In other words, the local myth about a great chasm or volcanic tube that descends deep into the recess of the earth buried beneath the sands in prehistoric times actually has some scientific validity. In that same vein, the existence of some unknown subterranean realm might not be so far fetched either. For all the scientific and technological advances of modern civilization, very little can be definitively known about what lies deep beneath the surface of the earth; in fact, scientists know more about the lunar surface than they do about what lies under our feet.
Scientists such as Edmond Haley, of Haley’s Comet fame, and Charles Hapgood theorized in the essay Earth’s Shifting Crust that the earth may be hollow or layered with varying strata creating entire ecosystems beneath the earth’s surface. Conventional academia rejects these theories; however, Hapgood’s theory was endorsed by Albert Einstein who wrote the forward, and Haley’s contributions to astronomy, oceanography, and geophysics are irrefutable. The so-called “prophet of science fiction,” Jules Verne, also speculated that volcanic tubes could be accessed and might lead down into these subterranean ecosystems. This would be dismissible as mere fiction if so many of his other speculations had not come true with uncanny accuracy.
Watercolor of King Kamehameha I by Louis Choris. ( Public domain )
The Lost Tomb and Treasure of King Kamehameha
When the smoke cleared after a series of gruesome battles in 1810, King Kamehameha I emerged as the sole ruler of a united Hawaii. He established diplomatic relationships with European countries and the United States. He utilized goods collected as taxes to resupply ships from Britain, Spain, and Boston who were making the long merchant voyage to China. Initially, Kamehameha could only offer fruit, fresh water, meat, and companionship to refresh the sailors in the midst of their long journey, but they soon discovered that the islands were filled with a precious resource that the Chinese desperately coveted: sandalwood.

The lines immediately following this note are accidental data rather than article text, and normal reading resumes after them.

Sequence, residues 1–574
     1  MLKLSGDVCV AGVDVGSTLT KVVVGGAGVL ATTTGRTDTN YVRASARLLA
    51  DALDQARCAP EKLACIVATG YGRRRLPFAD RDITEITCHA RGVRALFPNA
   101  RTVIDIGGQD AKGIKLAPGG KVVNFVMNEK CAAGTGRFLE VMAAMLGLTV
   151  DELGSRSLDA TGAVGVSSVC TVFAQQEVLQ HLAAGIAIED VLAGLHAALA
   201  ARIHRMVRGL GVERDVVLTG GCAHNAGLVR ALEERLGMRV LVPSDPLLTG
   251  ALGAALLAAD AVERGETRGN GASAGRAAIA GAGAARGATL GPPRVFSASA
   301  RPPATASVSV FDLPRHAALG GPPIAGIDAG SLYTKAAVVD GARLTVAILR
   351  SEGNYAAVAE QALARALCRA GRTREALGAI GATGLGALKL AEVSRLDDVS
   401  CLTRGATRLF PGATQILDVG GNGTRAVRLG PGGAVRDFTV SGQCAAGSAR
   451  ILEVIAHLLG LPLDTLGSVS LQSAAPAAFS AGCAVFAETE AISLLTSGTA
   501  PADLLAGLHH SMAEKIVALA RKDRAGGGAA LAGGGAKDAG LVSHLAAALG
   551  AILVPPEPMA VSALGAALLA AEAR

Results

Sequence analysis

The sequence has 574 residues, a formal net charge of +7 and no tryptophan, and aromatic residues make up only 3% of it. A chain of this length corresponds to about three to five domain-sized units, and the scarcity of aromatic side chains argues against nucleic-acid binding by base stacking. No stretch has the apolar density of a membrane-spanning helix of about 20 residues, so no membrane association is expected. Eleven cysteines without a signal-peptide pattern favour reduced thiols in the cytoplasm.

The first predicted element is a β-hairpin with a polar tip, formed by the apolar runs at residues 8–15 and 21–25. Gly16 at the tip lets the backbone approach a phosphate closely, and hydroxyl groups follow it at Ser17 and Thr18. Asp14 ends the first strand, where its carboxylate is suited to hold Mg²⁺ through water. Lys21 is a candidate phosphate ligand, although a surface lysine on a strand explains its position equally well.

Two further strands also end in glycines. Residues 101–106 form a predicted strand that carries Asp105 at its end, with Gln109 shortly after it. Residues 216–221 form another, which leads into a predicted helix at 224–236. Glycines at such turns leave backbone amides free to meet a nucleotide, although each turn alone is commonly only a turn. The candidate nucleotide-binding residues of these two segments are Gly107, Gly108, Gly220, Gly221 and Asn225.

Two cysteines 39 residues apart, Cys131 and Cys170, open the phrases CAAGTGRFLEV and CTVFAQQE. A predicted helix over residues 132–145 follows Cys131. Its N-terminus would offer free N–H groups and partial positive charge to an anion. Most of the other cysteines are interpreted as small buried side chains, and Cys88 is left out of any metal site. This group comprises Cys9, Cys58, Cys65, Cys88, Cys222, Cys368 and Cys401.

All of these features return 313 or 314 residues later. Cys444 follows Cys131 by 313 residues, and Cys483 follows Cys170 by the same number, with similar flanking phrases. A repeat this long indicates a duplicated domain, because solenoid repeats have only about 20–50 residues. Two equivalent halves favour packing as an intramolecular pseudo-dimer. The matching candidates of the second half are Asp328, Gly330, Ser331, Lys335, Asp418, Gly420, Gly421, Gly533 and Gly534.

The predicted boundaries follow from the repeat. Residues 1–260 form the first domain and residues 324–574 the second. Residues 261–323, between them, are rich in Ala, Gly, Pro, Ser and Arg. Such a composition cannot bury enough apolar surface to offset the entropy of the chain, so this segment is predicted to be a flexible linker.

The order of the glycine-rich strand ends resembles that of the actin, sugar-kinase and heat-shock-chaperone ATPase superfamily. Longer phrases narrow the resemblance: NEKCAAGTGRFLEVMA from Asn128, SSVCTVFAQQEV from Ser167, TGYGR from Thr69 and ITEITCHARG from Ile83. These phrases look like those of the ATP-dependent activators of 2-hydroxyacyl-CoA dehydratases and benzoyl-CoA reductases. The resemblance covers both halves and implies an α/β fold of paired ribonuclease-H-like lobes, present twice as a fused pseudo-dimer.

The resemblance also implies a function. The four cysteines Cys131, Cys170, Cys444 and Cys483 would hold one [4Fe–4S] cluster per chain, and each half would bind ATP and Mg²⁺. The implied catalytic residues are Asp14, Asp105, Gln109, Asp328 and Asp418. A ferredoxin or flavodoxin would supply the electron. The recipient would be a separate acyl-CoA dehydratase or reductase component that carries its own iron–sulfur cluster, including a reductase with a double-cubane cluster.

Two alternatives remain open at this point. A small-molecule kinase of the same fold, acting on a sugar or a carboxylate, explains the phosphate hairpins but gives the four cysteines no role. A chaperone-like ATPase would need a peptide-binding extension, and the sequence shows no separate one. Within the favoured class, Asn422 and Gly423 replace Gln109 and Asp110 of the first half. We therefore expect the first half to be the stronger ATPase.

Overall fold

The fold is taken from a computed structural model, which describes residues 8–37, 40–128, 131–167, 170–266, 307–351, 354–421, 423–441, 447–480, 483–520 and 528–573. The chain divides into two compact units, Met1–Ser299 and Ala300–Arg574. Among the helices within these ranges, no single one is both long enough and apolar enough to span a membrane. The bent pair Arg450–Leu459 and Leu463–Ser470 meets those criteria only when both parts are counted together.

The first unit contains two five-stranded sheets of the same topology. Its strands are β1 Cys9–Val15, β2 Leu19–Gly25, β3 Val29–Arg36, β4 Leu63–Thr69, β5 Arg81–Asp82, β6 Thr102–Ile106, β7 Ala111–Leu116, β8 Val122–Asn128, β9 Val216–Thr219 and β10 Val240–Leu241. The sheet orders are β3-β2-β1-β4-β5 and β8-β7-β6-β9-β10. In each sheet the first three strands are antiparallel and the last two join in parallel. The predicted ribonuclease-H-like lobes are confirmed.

Sandalwood trees are the primary ingredient in Buddhist incense ceremonies and many traditional Chinese medicine potions. The relatively infinite demand and tremendous scarcity of the tree made this trade monopoly extremely profitable for the King. Kamehameha’s greed got out of hand, driving his subjects into a great famine and practically driving the species into extinction. When the despot passed away, his remains were concealed according to the strict, ancient tradition of hunakele, which involved a predesignated undertaker, someone who had attained the utmost trust of the king, who would await the remains in a canoe and under the cover of darkness, would spirit them away to a preselected cave, usually atop a treacherous cliff face accessible only by sea.